“If music be the food of love, play on, give me excess of it.” There was certainly plenty of Shakespeare-inspired music on the bill for the London Philharmonic Orchestra's celebration of The Bard. Masterminded – or “curated” - by Simon Callow, the evening interspersed operatic chunks with orchestral works and brief excerpts from the plays themselves. Galas like this are necessarily piecemeal affairs, but the programme was intelligently constructed to provide a sense of flow without the need to provide a Reduced Shakespeare-type nod to all the plays.

The usual suspects featured strongly: Othello, Romeo and Juliet, Hamlet and A Midsummer Night's Dream were obvious contenders and some offered the chance to hear different composers' takes on the same play. It wasn't just a “greatest hits” though. A sizeable excerpt from Thomas Adès' The Tempest waved the flag for contemporary adaptations of The Bard, while Ophelia's mad scene from Tchaikovsky's incidental music to Hamlet provided rarity value.

Verdi topped and tailed the evening. There is no more pulsating, volatile opening than the storm which opens Otello. A mighty orchestral crash, a flicker of strobe lighting, thunderous pedal notes from the Royal Festival Hall's organ and the brassy rasp of a cimbasso brought the evening bursting to life. Cue the Otello of Ronald Samm – a clarion “Esultate!” - swiftly followed by Simon Keenlyside and Toby Spence declaiming Iago and Roderigo's lines. “I hate the Moor” segued into the Credo (ironically one of the few parts of Arrigo Boito's libretto not based on Shakespeare at all). Alas, Keenlyside doesn't have the heft of voice for Iago, resorting to foot-stamping to make his mark. Nor does Kate Royal have the requisite vocal colour for Verdi, too anaemic for Desdemona's Willow Song.

The better operatic excerpts came from the Dream and Falstaff. Slithering and queasy, the LPO strings captured the ethereal atmosphere at the start of Britten's opera, Iestyn Davies in commanding voice as Oberon, matched by a wonderful Tytania from Allison Bell. Andrew Shore – antlers protruding from his deerstalker – just about stole the show at the end, his Falstaff as lovable in the great fugue to end Verdi's final opera as he was in the scene with Mistresses Ford and Page from The Merry Wives of Windsor which had preceded it. A pity, though, that we only got to hear a little of Gabriela Iştoc's Alice, gleaming above the stave.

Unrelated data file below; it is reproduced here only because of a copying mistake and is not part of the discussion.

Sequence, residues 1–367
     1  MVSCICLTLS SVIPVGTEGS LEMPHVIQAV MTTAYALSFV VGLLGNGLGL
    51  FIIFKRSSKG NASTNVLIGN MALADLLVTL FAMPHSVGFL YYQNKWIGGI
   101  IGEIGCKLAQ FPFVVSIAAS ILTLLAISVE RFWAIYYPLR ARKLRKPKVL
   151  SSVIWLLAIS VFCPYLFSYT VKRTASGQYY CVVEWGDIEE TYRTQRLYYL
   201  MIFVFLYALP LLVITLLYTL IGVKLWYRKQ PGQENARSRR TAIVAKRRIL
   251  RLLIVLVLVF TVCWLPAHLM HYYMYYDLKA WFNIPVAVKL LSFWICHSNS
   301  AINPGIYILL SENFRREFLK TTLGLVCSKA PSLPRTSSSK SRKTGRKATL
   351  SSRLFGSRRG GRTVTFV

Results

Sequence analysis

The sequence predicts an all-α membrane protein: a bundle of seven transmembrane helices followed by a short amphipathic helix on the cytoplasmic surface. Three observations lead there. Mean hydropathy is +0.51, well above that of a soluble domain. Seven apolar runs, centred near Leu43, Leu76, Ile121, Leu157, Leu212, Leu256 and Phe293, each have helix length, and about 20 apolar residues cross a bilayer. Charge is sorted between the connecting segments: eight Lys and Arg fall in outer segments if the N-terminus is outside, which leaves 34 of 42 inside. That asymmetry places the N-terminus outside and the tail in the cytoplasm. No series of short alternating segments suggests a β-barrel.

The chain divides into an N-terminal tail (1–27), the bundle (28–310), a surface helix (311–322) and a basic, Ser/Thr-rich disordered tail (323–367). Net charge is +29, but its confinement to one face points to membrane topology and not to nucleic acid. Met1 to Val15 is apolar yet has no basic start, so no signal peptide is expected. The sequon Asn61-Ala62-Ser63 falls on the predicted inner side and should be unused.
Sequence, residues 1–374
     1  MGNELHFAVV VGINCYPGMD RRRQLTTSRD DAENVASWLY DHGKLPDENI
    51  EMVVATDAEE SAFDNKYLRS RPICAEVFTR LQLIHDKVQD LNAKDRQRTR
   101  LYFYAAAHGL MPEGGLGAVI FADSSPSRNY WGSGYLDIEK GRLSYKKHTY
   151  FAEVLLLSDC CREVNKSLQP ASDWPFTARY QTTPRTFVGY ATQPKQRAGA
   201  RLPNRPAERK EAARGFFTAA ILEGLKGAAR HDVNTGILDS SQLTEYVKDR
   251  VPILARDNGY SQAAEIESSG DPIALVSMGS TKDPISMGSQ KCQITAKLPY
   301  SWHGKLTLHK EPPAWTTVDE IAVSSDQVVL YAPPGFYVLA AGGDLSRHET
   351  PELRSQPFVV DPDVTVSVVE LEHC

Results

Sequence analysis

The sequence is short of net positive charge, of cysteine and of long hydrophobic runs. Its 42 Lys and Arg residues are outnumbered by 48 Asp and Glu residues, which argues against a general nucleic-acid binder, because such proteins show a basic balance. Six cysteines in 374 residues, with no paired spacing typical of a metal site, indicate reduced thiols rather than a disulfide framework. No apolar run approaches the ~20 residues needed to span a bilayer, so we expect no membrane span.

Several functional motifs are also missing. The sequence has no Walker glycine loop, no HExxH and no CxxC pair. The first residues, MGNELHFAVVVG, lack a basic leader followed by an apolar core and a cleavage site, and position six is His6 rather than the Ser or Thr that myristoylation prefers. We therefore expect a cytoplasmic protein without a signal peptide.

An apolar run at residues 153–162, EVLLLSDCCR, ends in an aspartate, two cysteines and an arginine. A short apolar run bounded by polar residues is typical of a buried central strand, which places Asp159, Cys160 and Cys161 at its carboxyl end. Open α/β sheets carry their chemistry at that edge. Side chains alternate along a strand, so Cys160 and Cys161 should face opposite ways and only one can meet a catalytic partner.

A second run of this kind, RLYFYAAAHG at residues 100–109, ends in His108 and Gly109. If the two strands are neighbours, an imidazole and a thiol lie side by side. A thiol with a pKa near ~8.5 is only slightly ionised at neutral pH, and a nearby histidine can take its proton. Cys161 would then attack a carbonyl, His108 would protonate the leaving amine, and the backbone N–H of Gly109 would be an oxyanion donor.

I was conscious we spent much of the evening hearing Shakespeare's words reflected and refracted through the lens of various librettists. Boito (who penned the text for both Otello and Falstaff) did it in masterly fashion; Meredith Oakes, emerged less successfully, her adaptation of The Tempest full of banal rhyming couplets, although Bell negotiated Adès' treacherously high vocal writing as Ariel splendidly. Benjamin Britten and Peter Pears, of course, took a hands off approach, taking Shakespeare at his word and adding barely a single line for their Dream libretto.

Theatrical interludes did not always come off well. While Dominic West brooded in near darkness as Hamlet, Anna Chancellor was not always very clear, mangling a few lines to boot. They were rather upstaged by Ronald Samm's amusing Bottom, delivered with gleeful Trinidadian tone, commanding Cobweb to bring him the honey-bag of the red-hipped humble-bee. Simon Callow “thesped” in a lengthy excerpt from Walton's Henry V, one of the few longueurs in the programme.

Jurowski and the LPO are regulars at Glyndebourne and reminded us how sensitively they can accompany voices. They are experts in Russian repertoire too, though, and Tchaikovsky's Hamlet Fantasy Overture and the Dance of the Knights from Prokofiev's ballet Romeo and Juliet were doom-laden and gritty. The Glyndebourne connection continued with superb singing from its Chorus, some of whom joined soloists to participate in a beautiful rendition of Vaughan Williams' Serenade to Music, which takes its text from The Merchant of Venice; “How sweet the moonlight sleeps upon this bank!” indeed.

An entertaining, inventive programme, not always “notably discharged”, was rounded off with an epilogue, Oberon and Titania sending us off to bed wrapped in Mendelssohn's elfin strings, William Hardy's Puck inviting deserved applause.